4. Hearings Before and Special Reports Made by Committee on Armed Services of the House
    of Representatives on Subjects Affecting the Naval and Military Establishments
    , House of Representatives One Hundred Second Congress, First Session, pages 122-124, https://www.; and “Medicine’s ‘Hassle Factor’,” The Washington Post, June 8, 1993, https://www.washingtonpost. com/archive/lifestyle/wellness/1993/06/08/medicines-hassle-factor/2370ec26-8d6a-4611- 8101-eac8564968be/.
  5. Nominations of Hon. Tara J. O’Toole and Jeffrey D. Zients, Hearing Before the Committee on Homeland Security and Governmental Affairs, United States Senate of the One Hundred Eleventh Congress, First Session, page 148 (2009),
  6. George M. Taber, “First Montauk Spreads Its Wings,” NJBIZ, August 9, 2005, first-montauk-spreads-its-wings/.
  7. Press release, “Built on a foundation of 40 years of research, Advisory Board Archives, March 30, 2023,; and Harvard Business Review Stories, “David G. Bradley, MBA 1977,” Harvard Business School, May 24, 2017, stories/Pages/story-bulletin.aspx?num=6237.
  8. Ibid.
  9. “The Advisory Board Company,” Encyclopedia, and-business-magazines/advisory-board-company.
  10. Baron Public Affairs, “Boomtown: The Gilded Age of Washington, D.C.,” Baron Public Affairs,
  11. Press release, “Built on a foundation of 40 years of research, Advisory Board Archives, March 30, 2023,
  12. Getting to Better Government: Focusing on Performance, Hearing Before the Federal
    Financial Management, Government Information, Federal Services, and International Security Subcommittee of the Committee on Homeland Security and Governmental Affairs, United States Senate of the One Hundred Eleventh Congress, First Session, page 5 (2009) com/books/edition/Getting_to_Better_Government/-96IoLvP-YQC.
  13. Annys Shin, “Zients is at the Top of His Game,” The Washington Post, October 4, 2004, game/9aa93199-6f4c-43a0-a566-ca53434ce108/.
  14. Press release, “Portfolio Logic completes acquisition of PSA HealthCare,” Securities and Exchange Commission Archives, August 31, 2007, data/893430/000119312507194165/dex991.htm.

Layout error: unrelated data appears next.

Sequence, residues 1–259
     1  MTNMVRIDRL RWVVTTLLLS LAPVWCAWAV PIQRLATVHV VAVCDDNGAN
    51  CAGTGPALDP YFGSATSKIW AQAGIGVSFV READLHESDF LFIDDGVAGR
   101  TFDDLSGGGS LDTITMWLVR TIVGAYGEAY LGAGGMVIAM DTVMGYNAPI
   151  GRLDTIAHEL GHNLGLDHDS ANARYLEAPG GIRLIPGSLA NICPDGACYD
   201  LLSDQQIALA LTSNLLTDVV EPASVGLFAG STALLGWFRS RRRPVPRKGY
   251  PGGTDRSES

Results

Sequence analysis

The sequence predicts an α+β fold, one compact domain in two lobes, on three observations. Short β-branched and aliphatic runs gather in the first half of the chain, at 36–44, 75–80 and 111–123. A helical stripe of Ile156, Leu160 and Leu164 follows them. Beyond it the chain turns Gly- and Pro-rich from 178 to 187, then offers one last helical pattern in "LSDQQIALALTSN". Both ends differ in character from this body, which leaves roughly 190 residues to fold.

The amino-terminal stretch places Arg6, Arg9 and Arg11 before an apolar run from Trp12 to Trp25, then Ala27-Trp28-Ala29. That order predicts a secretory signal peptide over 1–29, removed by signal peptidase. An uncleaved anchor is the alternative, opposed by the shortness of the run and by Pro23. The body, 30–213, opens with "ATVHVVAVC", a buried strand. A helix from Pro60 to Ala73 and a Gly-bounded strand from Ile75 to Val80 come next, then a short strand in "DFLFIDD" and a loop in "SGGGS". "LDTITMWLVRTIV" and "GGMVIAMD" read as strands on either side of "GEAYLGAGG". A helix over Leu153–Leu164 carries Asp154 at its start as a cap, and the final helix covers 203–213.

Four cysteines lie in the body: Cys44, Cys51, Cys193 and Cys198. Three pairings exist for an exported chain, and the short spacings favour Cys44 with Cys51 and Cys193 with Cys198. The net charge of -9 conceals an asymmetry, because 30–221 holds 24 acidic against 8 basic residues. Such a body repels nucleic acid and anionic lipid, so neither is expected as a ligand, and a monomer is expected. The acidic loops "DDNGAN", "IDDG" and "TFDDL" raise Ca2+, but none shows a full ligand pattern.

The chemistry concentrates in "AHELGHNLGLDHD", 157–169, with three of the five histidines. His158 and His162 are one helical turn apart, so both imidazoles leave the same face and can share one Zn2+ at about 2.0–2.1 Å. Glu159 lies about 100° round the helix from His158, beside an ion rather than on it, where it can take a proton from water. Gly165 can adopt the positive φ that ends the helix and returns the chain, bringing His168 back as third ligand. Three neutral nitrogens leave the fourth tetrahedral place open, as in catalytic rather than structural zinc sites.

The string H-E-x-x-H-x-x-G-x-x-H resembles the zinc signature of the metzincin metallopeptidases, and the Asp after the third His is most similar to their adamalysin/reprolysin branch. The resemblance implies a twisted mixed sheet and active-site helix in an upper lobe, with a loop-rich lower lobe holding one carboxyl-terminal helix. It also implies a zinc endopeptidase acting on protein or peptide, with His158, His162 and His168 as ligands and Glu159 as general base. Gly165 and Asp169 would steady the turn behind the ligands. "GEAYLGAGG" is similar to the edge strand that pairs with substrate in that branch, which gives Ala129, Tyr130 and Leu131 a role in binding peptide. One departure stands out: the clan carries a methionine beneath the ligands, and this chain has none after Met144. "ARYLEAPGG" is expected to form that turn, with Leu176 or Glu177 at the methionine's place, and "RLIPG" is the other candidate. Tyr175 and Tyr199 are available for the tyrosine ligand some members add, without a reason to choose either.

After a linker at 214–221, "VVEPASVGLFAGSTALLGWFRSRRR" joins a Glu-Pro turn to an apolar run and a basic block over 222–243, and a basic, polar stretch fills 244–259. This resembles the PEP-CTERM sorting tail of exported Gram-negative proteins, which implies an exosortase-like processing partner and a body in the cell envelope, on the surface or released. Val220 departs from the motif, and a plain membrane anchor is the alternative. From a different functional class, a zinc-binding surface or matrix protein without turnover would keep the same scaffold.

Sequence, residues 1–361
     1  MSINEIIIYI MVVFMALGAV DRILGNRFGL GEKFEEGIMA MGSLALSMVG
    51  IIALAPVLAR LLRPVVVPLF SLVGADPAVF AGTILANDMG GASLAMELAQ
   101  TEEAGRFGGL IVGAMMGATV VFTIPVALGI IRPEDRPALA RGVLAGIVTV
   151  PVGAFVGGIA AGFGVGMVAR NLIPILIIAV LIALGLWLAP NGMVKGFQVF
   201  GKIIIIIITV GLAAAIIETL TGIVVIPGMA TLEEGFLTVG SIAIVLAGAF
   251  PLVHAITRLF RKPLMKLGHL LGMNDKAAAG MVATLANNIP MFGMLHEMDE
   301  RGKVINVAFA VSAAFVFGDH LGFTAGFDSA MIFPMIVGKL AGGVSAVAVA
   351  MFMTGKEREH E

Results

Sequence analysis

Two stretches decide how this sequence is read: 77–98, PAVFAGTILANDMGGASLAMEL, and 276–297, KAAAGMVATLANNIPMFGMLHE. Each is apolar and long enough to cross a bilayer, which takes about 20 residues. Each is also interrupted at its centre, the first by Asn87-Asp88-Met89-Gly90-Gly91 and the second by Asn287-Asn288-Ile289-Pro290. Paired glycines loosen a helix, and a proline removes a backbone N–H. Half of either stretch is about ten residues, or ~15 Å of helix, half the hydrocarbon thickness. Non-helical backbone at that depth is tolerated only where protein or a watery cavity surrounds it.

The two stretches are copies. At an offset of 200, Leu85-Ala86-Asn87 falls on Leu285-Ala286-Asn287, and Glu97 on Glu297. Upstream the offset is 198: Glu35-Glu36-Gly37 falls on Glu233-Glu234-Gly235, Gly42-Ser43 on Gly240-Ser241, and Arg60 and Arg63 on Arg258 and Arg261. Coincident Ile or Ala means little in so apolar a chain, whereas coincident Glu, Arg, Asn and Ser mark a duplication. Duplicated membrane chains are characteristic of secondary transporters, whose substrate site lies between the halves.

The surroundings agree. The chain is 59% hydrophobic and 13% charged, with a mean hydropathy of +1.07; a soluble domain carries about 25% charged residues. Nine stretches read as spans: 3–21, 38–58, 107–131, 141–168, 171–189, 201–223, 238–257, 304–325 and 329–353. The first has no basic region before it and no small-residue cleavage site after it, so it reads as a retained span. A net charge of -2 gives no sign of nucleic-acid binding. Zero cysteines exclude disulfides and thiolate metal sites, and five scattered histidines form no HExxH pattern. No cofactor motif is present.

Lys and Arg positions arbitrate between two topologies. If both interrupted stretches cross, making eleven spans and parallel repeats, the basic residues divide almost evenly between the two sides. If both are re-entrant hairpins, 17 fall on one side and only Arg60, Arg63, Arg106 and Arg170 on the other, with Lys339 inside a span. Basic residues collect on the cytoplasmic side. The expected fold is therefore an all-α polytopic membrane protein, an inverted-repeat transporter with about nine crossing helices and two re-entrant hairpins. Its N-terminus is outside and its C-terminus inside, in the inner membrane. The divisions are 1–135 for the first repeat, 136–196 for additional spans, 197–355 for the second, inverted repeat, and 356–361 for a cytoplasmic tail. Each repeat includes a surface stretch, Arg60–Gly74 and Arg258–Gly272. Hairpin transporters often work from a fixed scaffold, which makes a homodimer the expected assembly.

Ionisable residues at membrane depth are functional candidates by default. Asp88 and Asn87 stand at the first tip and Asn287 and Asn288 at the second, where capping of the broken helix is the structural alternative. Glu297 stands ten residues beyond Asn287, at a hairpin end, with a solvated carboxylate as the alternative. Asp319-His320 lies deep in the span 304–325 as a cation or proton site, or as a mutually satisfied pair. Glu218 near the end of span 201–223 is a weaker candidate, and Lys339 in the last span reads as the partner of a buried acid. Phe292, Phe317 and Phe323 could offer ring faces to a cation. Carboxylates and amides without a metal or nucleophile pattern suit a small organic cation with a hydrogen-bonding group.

15. Daniel Boguslaw and Max Moran, “The Corporate Past of Jeffrey Zients,” The American Prospect, April 4, 2022,
  16. Kierra Frazier, “Jeff Zients: 5 things to know about Biden’s new chief of staff,” Politico, January 22, 2023, staff-00078916.
  17. Annys Shin, “Zients is at the Top of His Game,” The Washington Post, October 4, 2004,
  18. Jeff Zients, Executive Branch Personnel Public Financial Disclosure Report, February 22, 2023, Accessed:
  19. “WEEKLY ADDRESS: President Obama Discusses Efforts to Reform Spending, Government Waste; Names Chief Performance Officer and Chief Technology Officer,” The White House, April 18, 2009, president-obama-discusses-efforts-reform-spending-government-waste-n.
  20. Julia Mueller,“Five things to know about Jeff Zients, who is in line to be Biden’s next chief of staff, Yahoo, January 23, 2023, zients-194620000.html.
  21. Mary Bruce,“Jeffrey Zients to Become Acting Director of OMB,”ABC News, January 17, 2012,
  22. Cass R. Sunstein and Reid Hastie, Wiser: Getting Beyond Group think to Make Groups Smarter. Boston, MA: Harvard Business Review Press, 2015, pages 17-18.
  23. Monica Langley, “The Businessman Behind the Obama Budget,” The Wall Street Journal, July 13, 2012,
  24. Jonathan Lemire, “Jeff Zients is Mr. Fix It. But he’s never had a slate of challenges like this,” Politico, January 24, 2023, biden-presidency-00079145.
  25. Chris Whipple, Fight for His Life: Inside the Biden White House. New York, NY: Scribner, 2023, page 216.
  26. Brett Samuels and Alex Gangitano, “Zients’s ‘political savvy’ examined as he prepares for chief of staff role,” The Hill, January 24, 2023,
  27. Press release, “Biden Risks Legacy by Choosing Zients as Chief of Staff,” The Revolving Door Project, January 22, 2023, zients-as-chief-of-staff/.